And the cool part about the 405 freeway was this event called “Carmageddon,” when they had to close down that same 10-mile stretch for a period of 53 hours in order to knock down some bridges so they could add that lane. During that 53 hours, traffic throughout Los Angeles got better — congestion eased because people changed their behavior. When you can get people to drive differently, or not drive, or drive at a different time, that’s how you improve traffic without adding lanes. That’s the secret sauce.
Knowledge@Wharton: So it really does start with the people that are involved in this process on a day-to-day basis?
Humes: Yes. Half the cars on the road at rush hour aren’t driving to work. They’re elective trips for something that’s not job-related. Which means if you can get people to defer those trips, to do them earlier or later, and there are ways to do that, we can eliminate traffic without a single bulldozer blade.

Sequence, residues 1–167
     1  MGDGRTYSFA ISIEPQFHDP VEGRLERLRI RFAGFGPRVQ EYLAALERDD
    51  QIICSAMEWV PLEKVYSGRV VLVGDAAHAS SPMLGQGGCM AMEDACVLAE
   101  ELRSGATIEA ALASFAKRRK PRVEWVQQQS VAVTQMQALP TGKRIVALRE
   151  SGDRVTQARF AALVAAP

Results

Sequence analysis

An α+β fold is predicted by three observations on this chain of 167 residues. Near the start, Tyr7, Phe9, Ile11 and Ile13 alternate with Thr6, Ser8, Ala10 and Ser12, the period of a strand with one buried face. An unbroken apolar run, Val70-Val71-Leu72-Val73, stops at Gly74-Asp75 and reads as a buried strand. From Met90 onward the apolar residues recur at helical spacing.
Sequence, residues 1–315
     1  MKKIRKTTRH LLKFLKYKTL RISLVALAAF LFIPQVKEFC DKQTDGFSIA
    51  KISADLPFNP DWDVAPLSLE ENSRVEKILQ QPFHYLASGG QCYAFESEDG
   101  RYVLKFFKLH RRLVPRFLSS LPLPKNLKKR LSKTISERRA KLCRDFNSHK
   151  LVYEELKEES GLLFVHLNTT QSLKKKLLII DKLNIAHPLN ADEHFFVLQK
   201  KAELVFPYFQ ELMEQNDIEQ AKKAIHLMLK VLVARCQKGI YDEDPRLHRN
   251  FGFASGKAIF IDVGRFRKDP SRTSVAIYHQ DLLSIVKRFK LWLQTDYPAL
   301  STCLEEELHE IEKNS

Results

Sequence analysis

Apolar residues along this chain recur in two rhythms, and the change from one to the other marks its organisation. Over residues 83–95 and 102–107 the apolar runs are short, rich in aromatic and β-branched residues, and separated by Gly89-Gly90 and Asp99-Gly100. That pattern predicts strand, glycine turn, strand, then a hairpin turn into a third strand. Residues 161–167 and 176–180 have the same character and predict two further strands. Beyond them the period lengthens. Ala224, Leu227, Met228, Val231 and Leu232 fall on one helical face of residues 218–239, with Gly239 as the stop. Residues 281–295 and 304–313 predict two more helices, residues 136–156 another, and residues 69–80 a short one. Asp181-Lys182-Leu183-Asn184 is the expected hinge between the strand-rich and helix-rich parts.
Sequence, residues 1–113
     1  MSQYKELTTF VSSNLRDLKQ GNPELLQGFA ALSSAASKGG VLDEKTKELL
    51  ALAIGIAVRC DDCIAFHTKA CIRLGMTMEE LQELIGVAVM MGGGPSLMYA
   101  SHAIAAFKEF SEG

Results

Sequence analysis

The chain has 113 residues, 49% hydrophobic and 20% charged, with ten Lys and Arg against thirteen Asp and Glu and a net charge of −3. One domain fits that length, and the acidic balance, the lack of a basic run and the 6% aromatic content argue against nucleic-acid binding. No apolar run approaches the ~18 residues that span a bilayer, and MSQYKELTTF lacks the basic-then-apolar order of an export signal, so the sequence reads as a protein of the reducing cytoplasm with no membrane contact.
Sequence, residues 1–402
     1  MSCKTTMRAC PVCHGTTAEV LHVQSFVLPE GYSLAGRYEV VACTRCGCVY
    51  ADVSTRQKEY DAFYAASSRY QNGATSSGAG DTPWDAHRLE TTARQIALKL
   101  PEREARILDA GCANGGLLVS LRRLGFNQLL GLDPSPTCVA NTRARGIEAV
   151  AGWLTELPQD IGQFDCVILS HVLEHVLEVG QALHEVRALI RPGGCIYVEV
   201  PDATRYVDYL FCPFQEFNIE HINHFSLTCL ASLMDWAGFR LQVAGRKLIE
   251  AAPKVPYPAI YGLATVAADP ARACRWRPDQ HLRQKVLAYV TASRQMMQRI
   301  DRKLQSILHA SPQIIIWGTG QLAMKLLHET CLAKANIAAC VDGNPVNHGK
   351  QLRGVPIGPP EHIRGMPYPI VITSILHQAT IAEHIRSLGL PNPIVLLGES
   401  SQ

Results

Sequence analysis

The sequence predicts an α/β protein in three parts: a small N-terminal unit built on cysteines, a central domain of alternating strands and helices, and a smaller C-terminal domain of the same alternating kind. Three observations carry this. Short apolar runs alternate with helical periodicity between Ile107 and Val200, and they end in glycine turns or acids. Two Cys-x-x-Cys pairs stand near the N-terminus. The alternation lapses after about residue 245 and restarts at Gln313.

Knowledge@Wharton: You alluded to the fact that with some changes in belief, in structure, in philosophy, companies and people could save massive amounts of money that really could affect the economy in a variety of different ways.
Humes: Absolutely. Just as increased traffic congestion is a cost, taking it